The Big Chill – Russia and the United States

The New Cold War
This week President Obama cancelled a September summit with Russian leader Vladimir Putin.  The White House stated that it was not expecting much from the summit considering the “lack of progress” on various important issues, including missile defense, human rights, and the Edward Snowden saga.

What was Putin Thinking?

Political pundits are still questioning why Putin agreed to grant Snowden temporary asylum as the United States seeks to prosecute the former NSA contractor for espionage and theft of government property.

Is Russia harboring hostility over losing the Cold War?  Perhaps Snowden is merely a political pawn that Russia will use to its maximum benefit.  After all, the Cold War may be over, but spying and gaining the upper hand has not ended.  Maybe Putin is attempting to keep Russia on the stage as a super power by poking America in the eye.  Finally, the Russians may have grown tired of hearing America’s lectures on human rights.

Whatever the reasoning, one thing that is clear to anyone following US-Russian relations is that the Snowden situation is simply the straw that broke the camel’s back.

Why so Cold?

Relations have been strained between these two countries for years.  Russia’s position with Iraq is a point of contention.  Russia has assisted Iraq’s nuclear projects in one form or another.  On this topic Russia seems to talk out of both sides of its mouth.  Russia seems to recognize that a nuclearized Iraq will upset the region; while at the same time it defends Iraq’s nuclear program as legal and non-threatening.

Another point of contention is the issue of nuclear weapons.  In 2010, the United States and Russia entered into an agreement (New START), which aimed at reducing nuclear weapons on both side.  Recently, Obama has indicated that he would like to see a greater reduction in Russia’s nuclear weaponry.  It is doubtful that this will occur and New START is on the verge of becoming New FINISH.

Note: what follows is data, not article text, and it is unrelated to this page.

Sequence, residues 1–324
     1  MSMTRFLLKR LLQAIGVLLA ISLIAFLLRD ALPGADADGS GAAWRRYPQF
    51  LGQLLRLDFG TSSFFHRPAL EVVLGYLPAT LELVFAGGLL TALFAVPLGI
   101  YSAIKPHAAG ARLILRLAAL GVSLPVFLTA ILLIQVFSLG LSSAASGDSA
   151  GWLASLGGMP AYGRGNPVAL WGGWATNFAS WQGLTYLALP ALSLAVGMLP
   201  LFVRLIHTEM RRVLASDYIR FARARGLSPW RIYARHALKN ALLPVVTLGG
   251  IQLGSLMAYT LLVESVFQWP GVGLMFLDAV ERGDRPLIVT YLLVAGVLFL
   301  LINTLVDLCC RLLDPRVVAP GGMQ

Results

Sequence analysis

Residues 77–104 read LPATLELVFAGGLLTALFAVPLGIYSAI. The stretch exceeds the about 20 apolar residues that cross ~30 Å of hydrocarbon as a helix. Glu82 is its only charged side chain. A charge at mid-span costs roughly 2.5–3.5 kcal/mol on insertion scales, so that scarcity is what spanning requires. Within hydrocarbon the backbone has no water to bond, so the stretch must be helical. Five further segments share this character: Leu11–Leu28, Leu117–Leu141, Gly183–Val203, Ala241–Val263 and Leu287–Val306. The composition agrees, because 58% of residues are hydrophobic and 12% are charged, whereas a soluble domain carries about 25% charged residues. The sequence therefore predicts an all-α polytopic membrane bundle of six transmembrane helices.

There are a variety of additional incidents and issues between these two countries. Russia’s position on Syria, the 2010 spy-gate incident, and trade issues have all contributed to a cooling period between the two countries.

Obama Should Attend

Obama has shown that he has no problem breaking Air Force One out of the hangar for a multitude of trips.  Vacations in Hawaii, trips to Africa, continual campaigning across the country, and petitioning the Olympic committee in Copenhagen to select Chicago as a host city are proof that Obama has no fear of flying.

His unwillingness to attend the summit is typical of his attitude.  Obama’s snub of Putin does nothing to further communication or diplomacy between the two nations.  Recently, MSNBC host, Chris Matthews, took Obama to task for failing to lead or participate on a whole host of issues, and questioned what part of the office Obama actually likes.  He does not like negotiating with Congress.  He does not like the press though they hold him in high regard.  He does not like meeting foreign dignitaries.

Obama’s perfect blend of detachment and arrogance leaves him on the outside looking in.  If he is unable to attain his goal through coercion or circumvention, it is not worth his time or trouble.  If the face-to-face talks with Putin prove pointless -nothing ventured, nothing gained.   Keep in mind, it would not be the first time Air Force One flew across the ocean for nothing gained.

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